BrassyBrown.com chats with NOLA Spoken Word Artist FreeQuency for National Poetry Month. FreeQuency AKA Mwende Katwiwa was born in Kenya.
1) How have you been celebrating National Poetry Month?
I’ve been celebrating National Poetry Month by taking part in the 30 day/30 poems challenge, but it’s hard! April is usually a really busy month for me as a college student since classes are ending and finals are starting, so I write every day. But I don’t get to spend time editing and perfecting each poem. As a poet, I have real reservations about putting out work that’s not complete, or at least, complete enough to be tested against an audience to receive feedback, so I only end up posting a few working drafts or short pieces on my blog during the month. I enjoy the 30/30 challenge, though, because it allows me to explore the different ideas that have been floating around in my mind that I probably would not have gotten to if I wasn’t writing a new poem every day.
2) How long have you been writing poetry?
I started writing poetry at the end of middle school, but I’ve been writing since I was a child. Back then, I was more into creative storytelling, and I think elements of that carried itself over when I made the transition into poetry. I joined a youth social justice arts initiative called Project 2050 that allowed me to develop my understanding of art as a tool of critical resistance and explore how spoken word poetry can be used as a tool for activism and telling counter-narratives, and that’s when I began to consider myself a spoken word artist. I wrote throughout high school, but when I entered college I took some time away from poetry to focus on getting my degree. Towards the end of my junior year in college last April, I stepped out into the local poetry scene in NOLA and have been an active part of it since.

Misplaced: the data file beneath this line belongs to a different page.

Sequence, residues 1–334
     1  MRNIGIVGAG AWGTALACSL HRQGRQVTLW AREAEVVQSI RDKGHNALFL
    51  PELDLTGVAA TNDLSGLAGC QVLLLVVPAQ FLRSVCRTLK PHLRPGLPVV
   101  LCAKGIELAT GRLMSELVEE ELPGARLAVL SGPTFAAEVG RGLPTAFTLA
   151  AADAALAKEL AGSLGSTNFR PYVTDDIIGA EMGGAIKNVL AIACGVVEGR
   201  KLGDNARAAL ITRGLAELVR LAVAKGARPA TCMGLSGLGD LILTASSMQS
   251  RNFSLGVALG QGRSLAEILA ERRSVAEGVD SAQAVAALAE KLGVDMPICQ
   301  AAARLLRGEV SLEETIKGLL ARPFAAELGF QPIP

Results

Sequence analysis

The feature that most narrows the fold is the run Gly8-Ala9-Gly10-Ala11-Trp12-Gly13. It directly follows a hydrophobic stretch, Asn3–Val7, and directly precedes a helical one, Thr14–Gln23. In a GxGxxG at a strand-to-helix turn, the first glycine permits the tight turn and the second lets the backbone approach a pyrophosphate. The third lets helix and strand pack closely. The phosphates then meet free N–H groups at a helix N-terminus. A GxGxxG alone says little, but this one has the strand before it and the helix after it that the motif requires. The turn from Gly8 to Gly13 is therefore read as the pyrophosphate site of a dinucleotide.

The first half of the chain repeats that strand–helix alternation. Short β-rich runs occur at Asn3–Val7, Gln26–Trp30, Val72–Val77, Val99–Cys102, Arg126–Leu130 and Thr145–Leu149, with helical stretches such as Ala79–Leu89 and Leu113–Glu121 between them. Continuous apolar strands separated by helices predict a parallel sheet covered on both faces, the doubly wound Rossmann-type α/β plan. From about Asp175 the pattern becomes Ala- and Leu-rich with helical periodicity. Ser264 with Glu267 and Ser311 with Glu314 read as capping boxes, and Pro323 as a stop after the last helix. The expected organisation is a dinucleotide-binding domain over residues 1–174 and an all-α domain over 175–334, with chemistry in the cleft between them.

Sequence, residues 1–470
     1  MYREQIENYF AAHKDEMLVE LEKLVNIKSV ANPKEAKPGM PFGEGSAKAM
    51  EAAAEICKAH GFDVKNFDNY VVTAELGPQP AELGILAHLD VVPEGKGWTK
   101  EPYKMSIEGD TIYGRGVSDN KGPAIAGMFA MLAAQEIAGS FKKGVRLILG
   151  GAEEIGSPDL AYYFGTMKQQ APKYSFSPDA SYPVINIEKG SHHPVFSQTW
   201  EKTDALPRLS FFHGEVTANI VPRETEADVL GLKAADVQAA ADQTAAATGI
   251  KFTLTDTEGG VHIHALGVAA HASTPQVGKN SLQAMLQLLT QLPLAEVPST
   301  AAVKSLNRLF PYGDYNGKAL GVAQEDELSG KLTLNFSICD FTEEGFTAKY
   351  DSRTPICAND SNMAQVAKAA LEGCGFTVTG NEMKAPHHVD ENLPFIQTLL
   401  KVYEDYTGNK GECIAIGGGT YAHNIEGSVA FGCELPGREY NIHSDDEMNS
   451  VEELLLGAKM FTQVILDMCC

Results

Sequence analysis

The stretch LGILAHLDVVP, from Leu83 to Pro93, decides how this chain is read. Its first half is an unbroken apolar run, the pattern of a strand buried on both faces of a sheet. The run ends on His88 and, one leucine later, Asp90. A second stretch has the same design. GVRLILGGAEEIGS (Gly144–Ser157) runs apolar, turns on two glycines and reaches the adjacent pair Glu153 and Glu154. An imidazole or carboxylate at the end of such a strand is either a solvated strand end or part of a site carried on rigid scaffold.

3) What have you learned about yourself from your SLAM experiences?
I actually don’t have much SLAM experience. Over the last five years, I’ve only done a few slams here and there in New Orleans and D.C. Last fall was when I went to my first regional SLAM, the Texas Grand SLAM where I made it to the second round of the finals stage. This year, I was fortunate to make Team Slam New Orleans (Team SNO) and be their representative for the Women of the World Poetry SLAM where I placed 16th overall out of 72. What I’ve learned from these SLAMS has been the importance of remembering why I write and why I put myself on a stage. It’s not to get a 10 or to win some accolade; it’s to get my message out to a larger audience. Even if I don’t win or advance to the next round, it’s important to honor that I shared my work with people, especially if it had an impact on them.
4) I’ve experienced sexism as a poet. Do you think women poets have challenges in performance poetry that men don’t experience?
Yes, I do. I think because we live in an inherently patriarchal society, women will always have to face additional challenges no matter what it is they are engaging in when compared to their male counterparts. I’ve noticed outside of the poetry community that audiences aren’t immediately ready to accept that a woman can demand so much space and attention on the mic with her words. Internally, there are times when I’ve been in shows that I’ve heard men do what I viewed as incredibly sexist or inappropriate poetry, given their identities, thinking they are empowering women. Learning how to navigate these situations has been the biggest gender challenge that I’ve faced so far in poetry.
5) What’s your goal as a poet?
My goal as a poet is to have my work reach as many people as possible. That may sound cliché, but it’s true. There are some poems that I write that I choose not to share on the stage. Those poems are written with different goals in mind, and those goals are often personal and achieved through the process of writing. But beyond the personal goals I set in my poetry, reaching others and having it speak truth to them.